offence

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See: crime

offence

see CRIME.

OFFENCE, crimes. The doing that which a penal law forbids to be done, or omitting to do what it commands; in this sense it is nearly synonymous with crime. (q.v.) In a more confined sense, it may be considered as having the same meaning with misdemeanor, (q.v.) but it differs from it in this, that it is not indictable, but punishable summarily by the forfeiture of a penalty. 1 Chit. Prac. 14.

References in classic literature ?
Jansenius's movement, and annoyed by it, "that you may transgress over and over again, and then set yourself right with us," (Miss Wilson never spoke of offences as against her individual authority, but as against the school community) "by saying that you are sorry.
But the English lawyers had decided that Parliament was omnipotent--and Parliament, in its omnipotence, instead of trial by jury and the Habeas Corpus, enacted admiralty courts in England to try Americans for offences charged against them as committed in America; instead of the privileges of Magna Charta, nullified the charter itself of Massachusetts Bay; shut up the port of Boston; sent armies and navies to keep the peace and teach the colonies that John Hampden was a rebel and Algernon Sidney a traitor.
With this permission, which Don Quixote would have taken even had they not granted it, he approached the chain and asked the first for what offences he was now in such a sorry case.
If my offence is unintentional, the law has no cognizance of unintentional offences: you ought to have taken me privately, and warned and admonished me; for if I had been better advised, I should have left off doing what I only did unintentionally--no doubt I should; but you would have nothing to say to me and refused to teach me.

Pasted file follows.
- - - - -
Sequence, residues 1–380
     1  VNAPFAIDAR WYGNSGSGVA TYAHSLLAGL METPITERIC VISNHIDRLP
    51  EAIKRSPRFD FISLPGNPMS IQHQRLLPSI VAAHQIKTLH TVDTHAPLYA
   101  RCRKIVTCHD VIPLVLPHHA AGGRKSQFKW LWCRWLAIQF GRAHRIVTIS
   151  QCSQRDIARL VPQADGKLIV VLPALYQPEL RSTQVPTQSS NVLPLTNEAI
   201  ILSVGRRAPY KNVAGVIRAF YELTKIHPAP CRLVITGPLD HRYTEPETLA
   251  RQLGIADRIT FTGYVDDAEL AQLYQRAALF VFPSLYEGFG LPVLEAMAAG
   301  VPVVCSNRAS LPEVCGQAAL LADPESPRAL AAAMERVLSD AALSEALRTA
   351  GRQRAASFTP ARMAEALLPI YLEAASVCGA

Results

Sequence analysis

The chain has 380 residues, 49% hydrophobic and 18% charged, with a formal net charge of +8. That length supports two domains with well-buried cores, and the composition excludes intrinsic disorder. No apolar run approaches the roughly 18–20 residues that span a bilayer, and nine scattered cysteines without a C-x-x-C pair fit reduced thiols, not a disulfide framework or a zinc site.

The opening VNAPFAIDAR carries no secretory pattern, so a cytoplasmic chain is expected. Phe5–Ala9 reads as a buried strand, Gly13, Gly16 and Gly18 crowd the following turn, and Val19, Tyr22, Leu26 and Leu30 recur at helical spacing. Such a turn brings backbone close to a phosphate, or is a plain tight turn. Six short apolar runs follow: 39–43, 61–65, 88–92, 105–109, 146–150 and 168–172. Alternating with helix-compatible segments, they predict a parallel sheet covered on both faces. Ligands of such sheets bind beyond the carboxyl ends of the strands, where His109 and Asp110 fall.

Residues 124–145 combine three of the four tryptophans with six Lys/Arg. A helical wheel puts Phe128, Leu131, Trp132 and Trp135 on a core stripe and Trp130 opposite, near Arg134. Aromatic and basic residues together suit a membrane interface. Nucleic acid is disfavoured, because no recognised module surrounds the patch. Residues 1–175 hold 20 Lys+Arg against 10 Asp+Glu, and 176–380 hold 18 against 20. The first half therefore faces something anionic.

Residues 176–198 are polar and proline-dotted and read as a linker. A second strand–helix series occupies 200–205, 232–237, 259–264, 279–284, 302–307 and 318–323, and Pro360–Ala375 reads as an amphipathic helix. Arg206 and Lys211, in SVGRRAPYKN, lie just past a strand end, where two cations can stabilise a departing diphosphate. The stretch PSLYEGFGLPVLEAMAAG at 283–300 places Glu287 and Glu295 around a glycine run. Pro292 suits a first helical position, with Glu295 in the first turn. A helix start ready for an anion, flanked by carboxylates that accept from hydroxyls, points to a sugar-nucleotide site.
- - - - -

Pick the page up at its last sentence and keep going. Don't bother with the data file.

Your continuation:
But in grave or in audacious offences never have I been detected, nor in infringements of regulations, nor in breaches of the public peace.
It would be a still worse affair for Mazarin, whom he execrated for the greater offences he had committed.
The flightiness of his mirth rendered him often guilty of offences against the decorum of a Puritan household, and on these occasions he did not invariably escape rebuke.
The mob triumphed in their downfall and destruction, as if these pictures of Hutchinson's forefathers had committed the same offences as their descendant.
Such were the marauders of whose offences the gallant White Plume made the most bitter complaint.
Indeed, so completely has man's personality been absorbed by his possessions that the English law has always treated offences against a man's property with far more severity than offences against his person, and property is still the test of complete citizenship.
He had been the same Arthur ever since, trying to make all offences forgotten in benefits.
If he easily pardons, and remits offences, it shows that his mind is planted above injuries; so that he cannot be shot.